I’m thankful for our chickens. We’ve had a small backyard coop for three years now. Fresh eggs with golden yolks for breakfast, the joy of opening up the nesting box and cradling a warm newly laid egg. But after three years, egg production has dwindled and winter is coming on. On Thanksgiving weekend we plan to kill our chickens.
This is no surprise. We even named one of the chickens “Soup.” Part of the reason we decided to raise chickens was to help our kids understand where food comes from. The egg part they get. What will they make of the butchering?
Likely what farm kids and rural kids the world over make of it. If we eat meat, this is part of life. I know one farm family who raised three pigs each year and always named them the same three names: Breakfast, Lunch and Dinner.
Still, it gives us pause. It’s one thing to have an animal you’ve cared for die. It’s another thing to kill it.
I have butchered chickens before. I helped a friend out with the operation, mostly to see if I could do it. If I couldn’t kill a chicken myself, I figured I shouldn’t go on eating them. Turns out it wasn’t hard at all – psychologically or physically. I do try to buy “happy” chicken meat now; ones that had some room to roam during their lifetime. After having raised chickens myself I know the truth of this even more: chickens hate to be cooped up.
Winter is no fun to be a chicken. They’re cooped up all the time. Deep snow piles up. And even when warm weather comes, these girls are getting old. They ain’t no spring chickens.
Still, I’m going to miss the old birds. I like watching their simple joy in taking a dust bath, or sheltering another chicken under their wing. I like to hear them vocalize, especially the proud cacaCACACACAcackle when each one lays an egg. And I simply adore the fresh green and brown eggs with their deliciously golden yolks. But there will be new chicks in the spring.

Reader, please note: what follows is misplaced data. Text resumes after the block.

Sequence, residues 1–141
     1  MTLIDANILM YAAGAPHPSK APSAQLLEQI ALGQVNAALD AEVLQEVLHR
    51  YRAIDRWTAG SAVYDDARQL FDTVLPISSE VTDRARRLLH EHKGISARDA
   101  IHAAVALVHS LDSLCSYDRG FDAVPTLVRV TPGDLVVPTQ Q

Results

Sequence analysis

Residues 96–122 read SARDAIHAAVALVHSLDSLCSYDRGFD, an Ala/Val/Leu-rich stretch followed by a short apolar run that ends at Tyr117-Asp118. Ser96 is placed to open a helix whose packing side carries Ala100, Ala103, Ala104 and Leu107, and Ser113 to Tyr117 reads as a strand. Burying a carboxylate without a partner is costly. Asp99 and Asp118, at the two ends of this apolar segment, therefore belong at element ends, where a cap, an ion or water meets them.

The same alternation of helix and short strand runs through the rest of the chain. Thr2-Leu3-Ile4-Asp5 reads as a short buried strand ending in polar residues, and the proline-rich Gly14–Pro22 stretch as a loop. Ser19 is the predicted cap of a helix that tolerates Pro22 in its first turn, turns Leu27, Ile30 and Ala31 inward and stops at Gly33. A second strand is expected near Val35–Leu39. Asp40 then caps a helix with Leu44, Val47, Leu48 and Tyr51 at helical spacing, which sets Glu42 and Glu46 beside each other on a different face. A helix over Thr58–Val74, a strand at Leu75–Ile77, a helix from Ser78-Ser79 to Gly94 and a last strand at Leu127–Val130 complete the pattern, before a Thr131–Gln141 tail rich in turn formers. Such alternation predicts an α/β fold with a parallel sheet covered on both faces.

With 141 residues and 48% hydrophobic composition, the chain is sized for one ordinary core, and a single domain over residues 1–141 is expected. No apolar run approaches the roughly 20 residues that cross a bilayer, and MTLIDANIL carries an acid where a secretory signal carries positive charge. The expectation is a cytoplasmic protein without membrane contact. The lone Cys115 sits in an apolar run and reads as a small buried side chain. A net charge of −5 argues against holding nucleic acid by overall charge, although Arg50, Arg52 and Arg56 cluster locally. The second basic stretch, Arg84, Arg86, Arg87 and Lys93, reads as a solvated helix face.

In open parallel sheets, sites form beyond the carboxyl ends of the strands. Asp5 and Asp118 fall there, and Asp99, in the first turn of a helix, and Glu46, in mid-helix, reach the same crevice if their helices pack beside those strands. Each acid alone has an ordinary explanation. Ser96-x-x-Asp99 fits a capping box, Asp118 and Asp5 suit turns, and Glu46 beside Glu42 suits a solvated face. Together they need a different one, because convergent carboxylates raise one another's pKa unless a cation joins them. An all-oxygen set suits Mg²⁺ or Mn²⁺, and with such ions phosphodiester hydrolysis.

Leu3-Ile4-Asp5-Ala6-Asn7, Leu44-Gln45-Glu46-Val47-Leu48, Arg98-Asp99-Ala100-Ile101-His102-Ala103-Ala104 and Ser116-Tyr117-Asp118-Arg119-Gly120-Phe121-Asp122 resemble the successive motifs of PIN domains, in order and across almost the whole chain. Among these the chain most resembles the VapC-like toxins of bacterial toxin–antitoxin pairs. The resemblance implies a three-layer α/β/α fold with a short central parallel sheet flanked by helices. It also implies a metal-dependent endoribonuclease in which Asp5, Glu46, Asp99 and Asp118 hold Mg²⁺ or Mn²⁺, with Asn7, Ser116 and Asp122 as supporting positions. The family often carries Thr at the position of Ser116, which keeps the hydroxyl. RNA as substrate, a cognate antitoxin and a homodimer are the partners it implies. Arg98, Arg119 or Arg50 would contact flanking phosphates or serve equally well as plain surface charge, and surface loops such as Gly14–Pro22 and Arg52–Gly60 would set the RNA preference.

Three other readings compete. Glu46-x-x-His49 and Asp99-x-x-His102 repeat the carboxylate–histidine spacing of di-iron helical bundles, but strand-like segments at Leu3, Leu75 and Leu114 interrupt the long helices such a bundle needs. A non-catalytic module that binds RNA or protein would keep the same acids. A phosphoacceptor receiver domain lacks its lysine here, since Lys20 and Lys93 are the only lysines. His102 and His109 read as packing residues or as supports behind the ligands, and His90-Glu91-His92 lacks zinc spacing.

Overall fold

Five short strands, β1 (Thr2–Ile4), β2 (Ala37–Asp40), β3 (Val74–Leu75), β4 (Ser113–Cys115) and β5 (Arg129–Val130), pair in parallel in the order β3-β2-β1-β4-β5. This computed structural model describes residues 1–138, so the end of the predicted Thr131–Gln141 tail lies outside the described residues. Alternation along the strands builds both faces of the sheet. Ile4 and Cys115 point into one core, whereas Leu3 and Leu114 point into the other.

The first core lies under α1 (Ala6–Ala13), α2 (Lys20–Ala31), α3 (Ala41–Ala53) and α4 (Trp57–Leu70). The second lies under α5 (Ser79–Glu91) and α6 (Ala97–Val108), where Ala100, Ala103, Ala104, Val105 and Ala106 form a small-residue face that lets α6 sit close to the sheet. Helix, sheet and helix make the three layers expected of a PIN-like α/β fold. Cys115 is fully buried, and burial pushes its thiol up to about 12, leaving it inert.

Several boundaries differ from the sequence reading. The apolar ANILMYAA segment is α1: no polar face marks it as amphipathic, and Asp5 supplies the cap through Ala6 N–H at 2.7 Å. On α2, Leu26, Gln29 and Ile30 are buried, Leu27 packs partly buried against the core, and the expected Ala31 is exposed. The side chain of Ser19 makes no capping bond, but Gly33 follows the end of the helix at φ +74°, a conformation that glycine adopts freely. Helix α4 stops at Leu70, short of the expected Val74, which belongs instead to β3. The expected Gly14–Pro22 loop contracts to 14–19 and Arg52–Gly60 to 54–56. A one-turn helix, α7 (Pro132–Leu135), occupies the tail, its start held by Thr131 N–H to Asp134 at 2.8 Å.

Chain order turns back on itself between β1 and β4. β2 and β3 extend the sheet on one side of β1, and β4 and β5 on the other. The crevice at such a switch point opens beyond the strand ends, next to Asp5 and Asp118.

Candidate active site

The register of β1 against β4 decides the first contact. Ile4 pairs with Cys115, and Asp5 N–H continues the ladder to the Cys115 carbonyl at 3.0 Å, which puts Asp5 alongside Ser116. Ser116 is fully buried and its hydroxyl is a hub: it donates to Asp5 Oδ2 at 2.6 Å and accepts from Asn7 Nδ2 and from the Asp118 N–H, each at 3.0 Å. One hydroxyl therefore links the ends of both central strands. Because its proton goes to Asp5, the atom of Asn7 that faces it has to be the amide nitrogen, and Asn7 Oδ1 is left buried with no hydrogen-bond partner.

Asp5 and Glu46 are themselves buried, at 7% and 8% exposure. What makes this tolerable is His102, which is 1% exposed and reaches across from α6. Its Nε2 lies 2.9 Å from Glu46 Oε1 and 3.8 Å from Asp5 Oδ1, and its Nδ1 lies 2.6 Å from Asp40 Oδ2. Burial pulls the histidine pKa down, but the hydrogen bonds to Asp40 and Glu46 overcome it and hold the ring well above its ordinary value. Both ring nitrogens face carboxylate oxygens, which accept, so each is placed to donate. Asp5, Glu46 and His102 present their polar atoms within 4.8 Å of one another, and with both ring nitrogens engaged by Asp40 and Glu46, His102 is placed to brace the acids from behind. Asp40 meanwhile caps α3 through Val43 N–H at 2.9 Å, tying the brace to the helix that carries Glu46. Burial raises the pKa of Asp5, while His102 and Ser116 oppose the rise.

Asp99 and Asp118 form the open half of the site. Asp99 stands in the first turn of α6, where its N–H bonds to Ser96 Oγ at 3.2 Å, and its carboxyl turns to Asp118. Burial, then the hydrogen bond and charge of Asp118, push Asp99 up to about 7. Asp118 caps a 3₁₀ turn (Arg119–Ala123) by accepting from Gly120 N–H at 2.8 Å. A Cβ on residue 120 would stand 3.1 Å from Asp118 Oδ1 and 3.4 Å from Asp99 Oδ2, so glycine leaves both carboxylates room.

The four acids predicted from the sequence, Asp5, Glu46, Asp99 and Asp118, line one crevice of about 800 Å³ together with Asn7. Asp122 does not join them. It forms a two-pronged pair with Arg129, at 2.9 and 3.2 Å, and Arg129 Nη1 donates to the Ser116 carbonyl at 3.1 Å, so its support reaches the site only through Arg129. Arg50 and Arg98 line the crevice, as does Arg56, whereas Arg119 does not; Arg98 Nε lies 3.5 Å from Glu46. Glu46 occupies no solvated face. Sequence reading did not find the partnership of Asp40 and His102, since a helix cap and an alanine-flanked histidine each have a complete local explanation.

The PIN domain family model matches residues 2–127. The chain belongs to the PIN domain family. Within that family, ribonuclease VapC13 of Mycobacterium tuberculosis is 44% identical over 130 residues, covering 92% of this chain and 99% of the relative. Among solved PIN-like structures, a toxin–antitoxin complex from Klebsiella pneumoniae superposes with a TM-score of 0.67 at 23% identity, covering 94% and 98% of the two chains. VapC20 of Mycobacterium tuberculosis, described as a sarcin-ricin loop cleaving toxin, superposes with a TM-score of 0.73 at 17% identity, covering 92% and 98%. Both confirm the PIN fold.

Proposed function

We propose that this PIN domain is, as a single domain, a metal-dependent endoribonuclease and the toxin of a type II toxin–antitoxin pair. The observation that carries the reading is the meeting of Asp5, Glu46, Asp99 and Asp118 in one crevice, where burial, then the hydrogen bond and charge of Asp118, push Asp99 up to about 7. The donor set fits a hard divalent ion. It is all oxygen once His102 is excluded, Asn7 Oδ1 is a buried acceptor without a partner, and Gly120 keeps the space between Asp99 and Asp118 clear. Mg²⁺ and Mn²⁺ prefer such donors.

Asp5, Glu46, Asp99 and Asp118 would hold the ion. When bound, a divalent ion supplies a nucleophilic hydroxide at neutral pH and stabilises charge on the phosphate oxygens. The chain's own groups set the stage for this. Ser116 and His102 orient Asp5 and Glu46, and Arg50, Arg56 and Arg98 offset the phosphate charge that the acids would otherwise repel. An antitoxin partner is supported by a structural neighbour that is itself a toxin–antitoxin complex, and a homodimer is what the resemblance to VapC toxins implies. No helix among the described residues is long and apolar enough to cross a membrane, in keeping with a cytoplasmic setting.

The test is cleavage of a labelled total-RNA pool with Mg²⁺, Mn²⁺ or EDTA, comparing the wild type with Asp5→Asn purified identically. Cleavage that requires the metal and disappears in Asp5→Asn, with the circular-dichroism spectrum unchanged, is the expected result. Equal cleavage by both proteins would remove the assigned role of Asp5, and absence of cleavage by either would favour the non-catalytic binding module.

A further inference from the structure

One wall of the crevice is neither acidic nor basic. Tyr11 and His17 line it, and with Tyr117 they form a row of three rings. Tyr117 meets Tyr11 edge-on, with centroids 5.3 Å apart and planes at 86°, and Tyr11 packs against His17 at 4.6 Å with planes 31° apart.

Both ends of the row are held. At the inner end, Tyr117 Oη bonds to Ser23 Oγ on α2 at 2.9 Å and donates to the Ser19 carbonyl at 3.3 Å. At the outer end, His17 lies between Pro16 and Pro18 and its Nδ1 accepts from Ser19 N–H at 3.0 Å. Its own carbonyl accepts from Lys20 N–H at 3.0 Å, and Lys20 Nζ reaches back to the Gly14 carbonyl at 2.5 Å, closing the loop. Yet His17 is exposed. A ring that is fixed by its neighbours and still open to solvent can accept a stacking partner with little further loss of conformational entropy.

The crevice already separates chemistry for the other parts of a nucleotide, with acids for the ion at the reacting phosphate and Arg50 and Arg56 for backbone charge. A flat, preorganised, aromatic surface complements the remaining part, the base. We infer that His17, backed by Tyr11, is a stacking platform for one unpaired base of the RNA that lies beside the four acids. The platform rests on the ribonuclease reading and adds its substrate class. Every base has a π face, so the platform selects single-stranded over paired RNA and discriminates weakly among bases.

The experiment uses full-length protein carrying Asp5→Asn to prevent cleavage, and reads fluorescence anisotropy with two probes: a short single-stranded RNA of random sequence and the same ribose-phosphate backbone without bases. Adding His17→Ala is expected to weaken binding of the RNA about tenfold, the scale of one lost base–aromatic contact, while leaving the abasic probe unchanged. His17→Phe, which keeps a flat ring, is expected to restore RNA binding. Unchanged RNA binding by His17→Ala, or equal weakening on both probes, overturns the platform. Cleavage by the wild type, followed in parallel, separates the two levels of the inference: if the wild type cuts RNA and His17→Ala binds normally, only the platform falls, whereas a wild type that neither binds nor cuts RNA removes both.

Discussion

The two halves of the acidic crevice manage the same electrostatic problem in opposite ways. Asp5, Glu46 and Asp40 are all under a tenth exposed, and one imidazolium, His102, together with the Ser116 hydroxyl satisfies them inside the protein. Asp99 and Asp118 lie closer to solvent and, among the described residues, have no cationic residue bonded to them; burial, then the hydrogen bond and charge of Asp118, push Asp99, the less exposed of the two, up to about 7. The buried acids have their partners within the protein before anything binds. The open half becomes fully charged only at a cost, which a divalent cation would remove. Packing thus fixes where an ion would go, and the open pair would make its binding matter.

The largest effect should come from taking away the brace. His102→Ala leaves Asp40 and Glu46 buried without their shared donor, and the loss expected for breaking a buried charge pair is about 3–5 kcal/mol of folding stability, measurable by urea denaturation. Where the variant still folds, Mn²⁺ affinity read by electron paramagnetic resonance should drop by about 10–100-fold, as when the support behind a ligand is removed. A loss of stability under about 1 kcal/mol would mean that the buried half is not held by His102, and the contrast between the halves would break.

To my surprise, that’s what my four-year-old focused on when I told him the hens were getting old and we were going to kill them. “What will we name the new chicks?” he asked. “How about Fairy Bubblewrap?”
His next question was: “What will you kill them with?” A knife. That seemed to satisfy. Mostly he’s curious. “I want to see all the parts. When you kill them, when you cut off their heads, when you pluck them and when you put them in the pot.” We’ll let both children watch if they want to, answer their questions, and help pluck.
Thanksgiving seems a good time for this. It’s the time of year most of us have big birds on the table. We need to pause and remember where our food comes from. For kids, there’s simply no replacement for personal experience. They may not choose to eat our homemade chicken Soup, they may decide to become vegetarians someday, but knowing what happens to old hens is important.
I think next year we might get four chickens and name them Soup, Casserole and Gumbo. Oh, and Fairy Bubblewrap.
What would you do? Involve the kids or shelter them from the process? How close have YOU come to producing your own food?